1. Grace — How does God’s grace relate to our righteousness and justification? Thomas Aquinas, the great Catholic theologian of the Middle Ages, and Martin Luther, the magisterial Reformer, certainly had some differences in opinion; Protestants and Catholics do today as well. In his great book Paul & the Power of Grace, John Barclay highlights this distinction: for Aquinas, grace is “‘infused’ into the human soul and does not destroy but elevates human nature, such that the believer is made righteous and rendered ultimately worthy of salvation.”[2] This notion of merit contrasts Luther’s contention that “believers remain deeply flawed,” and we receive a righteousness (Christ’s) alien to us.[3] Thus, for Luther, the focus is an imputation of righteousness (on the basis of faith, which is sufficient for salvation), while for Aquinas, there is an infusion of grace that produces righteousness. Theologians have focused on this for a long, long time. But how do you specifically think about this, and where can you, as a Protestant, clarify your thinking? How do you individually think through the historic Protestant teaching that we are saved by faith alone, yet judged by works?[4] How would you teach this distinction to someone?
  2. The Lord’s Supper — Transubstantiation, the Catholic position on the presence of Christ in the bread and wine of communion, posits that “by the consecration of the bread and wine there takes place a change of the whole substance of the bread into the substance of the body of Christ our Lord and of the whole substance of the wine into the substance of his blood.”[5] Many might immediately react along the lines of “there’s just no way that happens.” But that’s not only unconvincing; there also isn’t much integrity there. We as Christians believe that God the Father raised His Son Jesus from the dead—He can do anything. Thus, the first step for Protestants should be to ask, “what do the Scriptures say?” and work from there. Given the three distinct views held by Reformers Luther, Calvin, and Zwingli on Christ’s presence in the Lord’s Supper, (or put in somewhat equivalent more modern terms, Lutherans, Reformed churches/Presbyterians, and most Baptists, respectively), there’s lots of room for an opinion in the Protestant wing of the church. So, we can clarify our theology and thinking on the issue.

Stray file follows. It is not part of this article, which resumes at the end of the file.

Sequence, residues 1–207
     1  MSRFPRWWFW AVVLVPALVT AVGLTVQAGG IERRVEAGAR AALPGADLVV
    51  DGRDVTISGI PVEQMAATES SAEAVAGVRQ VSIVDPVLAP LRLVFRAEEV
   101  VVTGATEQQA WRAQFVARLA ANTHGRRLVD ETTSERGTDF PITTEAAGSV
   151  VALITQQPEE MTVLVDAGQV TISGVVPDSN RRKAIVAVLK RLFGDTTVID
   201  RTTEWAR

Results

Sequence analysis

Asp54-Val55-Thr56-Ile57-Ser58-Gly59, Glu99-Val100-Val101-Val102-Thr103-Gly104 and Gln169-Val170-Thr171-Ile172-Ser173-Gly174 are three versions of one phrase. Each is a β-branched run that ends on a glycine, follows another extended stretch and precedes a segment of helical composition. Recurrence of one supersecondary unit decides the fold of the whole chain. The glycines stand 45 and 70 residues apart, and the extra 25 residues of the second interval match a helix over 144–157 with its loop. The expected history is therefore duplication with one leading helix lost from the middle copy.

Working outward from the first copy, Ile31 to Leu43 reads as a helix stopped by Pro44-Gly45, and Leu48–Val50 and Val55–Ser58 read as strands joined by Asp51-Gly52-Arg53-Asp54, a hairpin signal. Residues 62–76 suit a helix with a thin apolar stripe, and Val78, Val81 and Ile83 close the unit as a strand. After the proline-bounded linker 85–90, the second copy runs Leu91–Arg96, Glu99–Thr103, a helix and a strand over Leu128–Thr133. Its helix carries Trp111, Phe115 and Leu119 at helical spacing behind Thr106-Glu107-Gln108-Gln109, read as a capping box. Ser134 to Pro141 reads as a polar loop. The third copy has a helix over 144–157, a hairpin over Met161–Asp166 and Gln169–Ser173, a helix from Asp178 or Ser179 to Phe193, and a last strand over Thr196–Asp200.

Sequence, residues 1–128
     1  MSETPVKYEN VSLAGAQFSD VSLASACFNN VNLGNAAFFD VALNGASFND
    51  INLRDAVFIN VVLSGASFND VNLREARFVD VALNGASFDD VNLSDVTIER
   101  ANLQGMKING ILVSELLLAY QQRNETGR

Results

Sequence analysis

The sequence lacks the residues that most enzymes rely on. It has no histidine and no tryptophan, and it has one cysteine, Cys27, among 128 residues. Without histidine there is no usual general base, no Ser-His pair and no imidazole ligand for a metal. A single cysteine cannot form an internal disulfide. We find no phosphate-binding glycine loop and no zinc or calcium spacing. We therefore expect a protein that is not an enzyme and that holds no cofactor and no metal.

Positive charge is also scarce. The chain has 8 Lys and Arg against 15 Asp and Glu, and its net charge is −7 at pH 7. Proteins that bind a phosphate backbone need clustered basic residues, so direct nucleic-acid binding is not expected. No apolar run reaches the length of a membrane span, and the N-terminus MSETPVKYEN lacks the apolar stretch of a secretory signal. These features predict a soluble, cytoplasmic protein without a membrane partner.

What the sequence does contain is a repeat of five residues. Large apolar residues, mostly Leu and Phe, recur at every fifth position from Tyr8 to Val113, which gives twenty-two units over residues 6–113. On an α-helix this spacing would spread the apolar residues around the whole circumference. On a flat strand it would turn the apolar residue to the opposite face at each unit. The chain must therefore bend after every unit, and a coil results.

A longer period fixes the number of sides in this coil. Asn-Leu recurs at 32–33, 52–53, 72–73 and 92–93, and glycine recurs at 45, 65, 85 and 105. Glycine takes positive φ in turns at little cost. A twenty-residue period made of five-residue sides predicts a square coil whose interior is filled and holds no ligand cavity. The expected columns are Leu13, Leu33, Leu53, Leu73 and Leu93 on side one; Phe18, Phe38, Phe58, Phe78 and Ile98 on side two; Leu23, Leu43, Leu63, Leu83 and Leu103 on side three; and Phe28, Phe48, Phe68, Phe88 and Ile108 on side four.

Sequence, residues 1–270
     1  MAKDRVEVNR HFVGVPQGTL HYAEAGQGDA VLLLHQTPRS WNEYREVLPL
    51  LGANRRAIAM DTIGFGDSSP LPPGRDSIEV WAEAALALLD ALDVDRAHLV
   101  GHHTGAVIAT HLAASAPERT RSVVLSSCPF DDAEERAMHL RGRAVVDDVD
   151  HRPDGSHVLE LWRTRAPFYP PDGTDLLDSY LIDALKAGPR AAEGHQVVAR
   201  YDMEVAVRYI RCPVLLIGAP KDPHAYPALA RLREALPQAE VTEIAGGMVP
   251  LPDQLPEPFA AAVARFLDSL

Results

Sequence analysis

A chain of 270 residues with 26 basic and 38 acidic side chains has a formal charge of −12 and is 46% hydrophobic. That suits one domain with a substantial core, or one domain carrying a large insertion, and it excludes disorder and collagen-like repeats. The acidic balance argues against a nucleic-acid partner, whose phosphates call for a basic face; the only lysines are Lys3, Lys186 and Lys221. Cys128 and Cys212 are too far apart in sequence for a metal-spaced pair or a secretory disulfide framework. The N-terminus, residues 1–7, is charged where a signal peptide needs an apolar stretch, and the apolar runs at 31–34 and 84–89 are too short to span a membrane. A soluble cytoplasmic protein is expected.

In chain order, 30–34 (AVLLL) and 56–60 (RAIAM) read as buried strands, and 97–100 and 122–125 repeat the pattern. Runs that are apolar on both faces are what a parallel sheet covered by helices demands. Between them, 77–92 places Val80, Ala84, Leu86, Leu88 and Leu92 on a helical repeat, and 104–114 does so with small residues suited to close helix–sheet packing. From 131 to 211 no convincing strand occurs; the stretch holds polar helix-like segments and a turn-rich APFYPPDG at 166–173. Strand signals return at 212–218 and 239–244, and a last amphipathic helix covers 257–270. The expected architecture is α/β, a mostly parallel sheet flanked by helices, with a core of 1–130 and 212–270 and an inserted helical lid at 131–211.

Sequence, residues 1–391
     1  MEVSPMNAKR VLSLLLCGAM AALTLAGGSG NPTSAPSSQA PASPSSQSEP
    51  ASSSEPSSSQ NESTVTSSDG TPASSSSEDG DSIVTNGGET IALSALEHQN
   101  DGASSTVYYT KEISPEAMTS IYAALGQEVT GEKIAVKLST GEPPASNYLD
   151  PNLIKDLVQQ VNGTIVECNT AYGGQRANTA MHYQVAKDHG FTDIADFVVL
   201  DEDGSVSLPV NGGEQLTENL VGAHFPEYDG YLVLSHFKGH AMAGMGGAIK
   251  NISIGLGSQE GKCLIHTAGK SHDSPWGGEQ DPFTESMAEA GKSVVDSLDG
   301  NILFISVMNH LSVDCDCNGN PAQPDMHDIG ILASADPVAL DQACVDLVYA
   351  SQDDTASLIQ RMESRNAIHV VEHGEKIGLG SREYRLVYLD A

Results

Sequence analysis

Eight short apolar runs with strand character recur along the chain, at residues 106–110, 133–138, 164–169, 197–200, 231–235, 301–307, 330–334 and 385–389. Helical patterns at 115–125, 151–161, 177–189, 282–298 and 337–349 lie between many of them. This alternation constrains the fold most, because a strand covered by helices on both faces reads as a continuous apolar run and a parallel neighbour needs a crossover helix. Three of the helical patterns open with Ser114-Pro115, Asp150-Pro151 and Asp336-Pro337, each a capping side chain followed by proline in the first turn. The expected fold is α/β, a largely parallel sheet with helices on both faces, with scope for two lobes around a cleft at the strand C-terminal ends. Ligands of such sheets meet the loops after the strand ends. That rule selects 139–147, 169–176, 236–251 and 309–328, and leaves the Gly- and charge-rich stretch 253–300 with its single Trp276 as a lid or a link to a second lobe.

5. Growing in knowledge of God & the world

Martin Luther, along with the other Reformers, certainly had some substantial problems with various Catholic teachings, such as some of those found in Aquinas. However, Luther also said this: “We have precious books on this subject by St. Augustine, Hilary, and Cyril at our disposal. And this article of faith remained pure in the papacy and among the scholastic theologians, and we have no quarrel with them on that score.”[6] Here Luther is affirming the teachings of the Church Fathers and medieval theologians on the Trinity. Thus, Luther rejects the sentiment with which I introduced points four and five above—the idea many Protestants have that we cannot learn from Catholics if we do not follow them on an issue like justification. We have much to learn from Anselm, Aquinas, and others—whether it be on our doctrine of God, natural law, the beatific vision, or something else.

This concludes a series of posts that could’ve been discussed differently (connecting Protestants to earlier Protestant traditions) or given more time (the list could go on). But with limited time to write and other interests as well, this is the final post. I hope you benefitted or learned in some way!

[1] https://www.etsjets.org/files/JETS-PDFs/54/54-2/JETS_54-2_299-309_Bird.pdf, p. 301

[2] p. 21

[3] p. 22 (emphasis added)

[4] For an introduction on this subject, see the article “Final Judgment According to Works” by John Piper.

[5] See the Catechism of the Catholic Church, quoting the Council of Trent, here.

[6] Indebted to Stéphane Simonnin for this quote, which he posted recently.